Americans are asking us for some time to let them sort things out,
and India is not going to do anything hastily," a senior Indian
official said this week. "At the same time, it is not going to
be an indefinite wait."
in private, and increasingly in public, Indian leaders are talking
resentfully about the United States, which to them has declared a
global campaign that defines terrorism too narrowly, as evil that
occurs within the 50 states.
the Indians are disappointed with American coziness with Pakistan, a
nation they accuse of fighting a proxy war against India with
guerrillas instead of uniformed soldiers. That war continues apace.
no doubt that the overwhelming amount of terrorist infiltration into
Kashmir is planned by the Pakistan Army," said C.
Raja Mohan, one of India's leading journalists. "India
knows it, America knows it. How long will it be allowed to go on? I
think America has to be asking Pakistan that question."
Indians want the United States to use the full weight of its power
to get Pakistan to abandon its support for the anti-Indian attacks
in Kashmir, just as it successfully pressed Pakistan after Sept. 11
to jettison its support for the Taliban. United States officials
have in fact been urging Pakistan's president, Gen. Pervez Musharraf,
to rein in militants within his borders. They say they are pleased a
crackdown has taken place, although one official said it is
difficult to find the precise pressure point that would make the
general fully change his ways.
do you come up with that will convince the general we're serious,
when we need him so much?" one American official asked.
insists Americans are either being guiled or turning a blind eye.
The United States military needs Pakistan's help in capturing the
remnants of Al Qaeda. Would the White House hurt the chances of
snaring Mr. bin Laden for the sake of halting anti-India attacks in
observation is that General Musharraf has a divided agenda,"
said a senior Indian intelligence official. "He provides
limited support to America on his western border with Afghanistan
while assisting the terrorists - sometimes the very same terrorists
- on his eastern border with India."
months ago, in the fashion of the United States, India proclaimed it
was ready to fight an all-out war against terrorism.
declared that the last straw came on Dec. 13, with an attack by a
five-man squad at the national Parliament building. India reacted by
mobilizing more than half a million soldiers along its 1,800-mile
border with Pakistan.
as now, the world fretted. America pressed General Musharraf. He
responded on Jan. 12 with a bold speech, decrying terrorism, making
promises. Hundreds were arrested, including some of the best-known
militants in Pakistan.
Indian intelligence official, recalling those months, pulled out a
sheet of statistics. The numbers are often guesswork, a compilation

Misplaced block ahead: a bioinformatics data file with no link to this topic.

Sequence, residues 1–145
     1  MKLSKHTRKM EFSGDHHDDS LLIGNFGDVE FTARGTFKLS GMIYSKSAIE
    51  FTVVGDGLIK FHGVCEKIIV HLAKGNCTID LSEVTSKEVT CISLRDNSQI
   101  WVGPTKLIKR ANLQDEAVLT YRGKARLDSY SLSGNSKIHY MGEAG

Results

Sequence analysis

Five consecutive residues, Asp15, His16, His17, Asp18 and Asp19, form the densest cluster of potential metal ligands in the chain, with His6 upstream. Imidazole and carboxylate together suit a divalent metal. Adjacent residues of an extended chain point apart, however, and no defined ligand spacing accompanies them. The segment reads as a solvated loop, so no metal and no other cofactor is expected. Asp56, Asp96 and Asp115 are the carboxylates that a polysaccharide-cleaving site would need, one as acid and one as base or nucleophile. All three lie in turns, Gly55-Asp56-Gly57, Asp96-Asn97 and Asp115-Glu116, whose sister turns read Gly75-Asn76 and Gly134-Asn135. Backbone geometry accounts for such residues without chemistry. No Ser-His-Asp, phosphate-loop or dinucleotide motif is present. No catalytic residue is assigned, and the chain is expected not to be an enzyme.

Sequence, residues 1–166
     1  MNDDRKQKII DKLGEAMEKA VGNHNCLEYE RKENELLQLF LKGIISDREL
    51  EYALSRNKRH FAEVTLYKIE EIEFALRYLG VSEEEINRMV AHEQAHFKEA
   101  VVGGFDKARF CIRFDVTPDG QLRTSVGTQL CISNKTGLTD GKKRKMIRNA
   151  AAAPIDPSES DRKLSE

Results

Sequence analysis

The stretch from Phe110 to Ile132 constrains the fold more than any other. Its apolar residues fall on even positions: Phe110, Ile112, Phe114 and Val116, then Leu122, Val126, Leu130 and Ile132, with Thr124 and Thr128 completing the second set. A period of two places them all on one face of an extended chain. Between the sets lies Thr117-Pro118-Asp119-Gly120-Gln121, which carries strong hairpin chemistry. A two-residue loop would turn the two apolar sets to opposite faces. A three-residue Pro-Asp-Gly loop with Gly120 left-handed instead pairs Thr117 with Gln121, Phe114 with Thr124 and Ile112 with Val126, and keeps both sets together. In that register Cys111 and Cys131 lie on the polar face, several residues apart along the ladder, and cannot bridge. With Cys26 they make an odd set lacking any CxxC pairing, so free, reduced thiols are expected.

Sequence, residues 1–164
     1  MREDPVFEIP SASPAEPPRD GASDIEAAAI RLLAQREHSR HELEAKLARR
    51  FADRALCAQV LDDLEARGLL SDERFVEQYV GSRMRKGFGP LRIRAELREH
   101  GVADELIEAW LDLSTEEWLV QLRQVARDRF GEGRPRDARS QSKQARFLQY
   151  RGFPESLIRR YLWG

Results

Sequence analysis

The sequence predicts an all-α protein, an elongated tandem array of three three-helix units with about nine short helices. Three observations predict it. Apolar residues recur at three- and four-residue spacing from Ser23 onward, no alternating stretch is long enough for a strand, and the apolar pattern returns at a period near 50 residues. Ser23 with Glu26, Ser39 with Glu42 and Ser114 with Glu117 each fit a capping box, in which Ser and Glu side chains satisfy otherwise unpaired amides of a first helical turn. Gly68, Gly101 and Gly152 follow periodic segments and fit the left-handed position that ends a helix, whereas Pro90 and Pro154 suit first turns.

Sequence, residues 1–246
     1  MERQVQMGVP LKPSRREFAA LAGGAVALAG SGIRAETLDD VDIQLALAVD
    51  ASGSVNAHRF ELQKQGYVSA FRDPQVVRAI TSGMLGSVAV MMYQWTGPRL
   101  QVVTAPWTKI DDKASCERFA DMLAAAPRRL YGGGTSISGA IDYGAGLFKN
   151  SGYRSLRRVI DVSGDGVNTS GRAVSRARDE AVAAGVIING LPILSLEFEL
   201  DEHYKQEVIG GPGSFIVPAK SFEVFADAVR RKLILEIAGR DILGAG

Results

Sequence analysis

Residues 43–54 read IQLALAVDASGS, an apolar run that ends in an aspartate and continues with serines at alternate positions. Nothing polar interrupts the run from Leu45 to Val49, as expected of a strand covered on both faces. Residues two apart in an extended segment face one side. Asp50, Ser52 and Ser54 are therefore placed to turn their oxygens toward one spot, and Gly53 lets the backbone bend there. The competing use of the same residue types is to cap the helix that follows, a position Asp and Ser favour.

of clues, he admitted. But in January and February - perhaps because
of especially bad weather, perhaps because of a crackdown -
infiltration into Kashmir decreased. Then, in March and April,
things reverted to the violent norm, he said. By then, most of those
arrested had been released.
The current crisis was set off on May 14, when militants attacked a
crowded bus, then stormed the family quarters of an army camp,
killing 32 people, including many women and children.
another straw had been added to the last one. In India's eyes,
Pakistan was calling its bluff. Retaliation seemed required. Many
Indians are impatient, arguing that it is time to attack inside
Pakistan. "Our credibility is already at the zero level, and I
don't think anyone will ever take us seriously again if we don't
quit yapping and take some action," said Satish Nambiar, a
retired Lieutenant General.
others wonder why India has wedged itself into such a corner,
risking either terrifying hostilities or a humbling loss of face.
idea of a limited war is folly, writes V. R. Raghavan, a retired
Lieutenant General and now a defense analyst. "Once war breaks
out," his analysis goes, "the military dynamic of
obtaining a favorable outcome takes control. The spiral of
politico-military escalation that begins to unfold has a momentum of
its own, which even experienced statesmen find difficult to
others say that the mere threat of war already has brought India a
diplomatic bonanza. Just as Pakistan has employed its usefulness to
the United States to good effect, India can now threaten to undo
that usefulness and imperil the fight against Al
what if Washington and its allies are unable to exert more pressure
on Pakistan, and India finds no alternative but to attack?
O.K., too," said another Indian official. "If you bomb,
you at least get some deterrence. Tell me, what do you get by not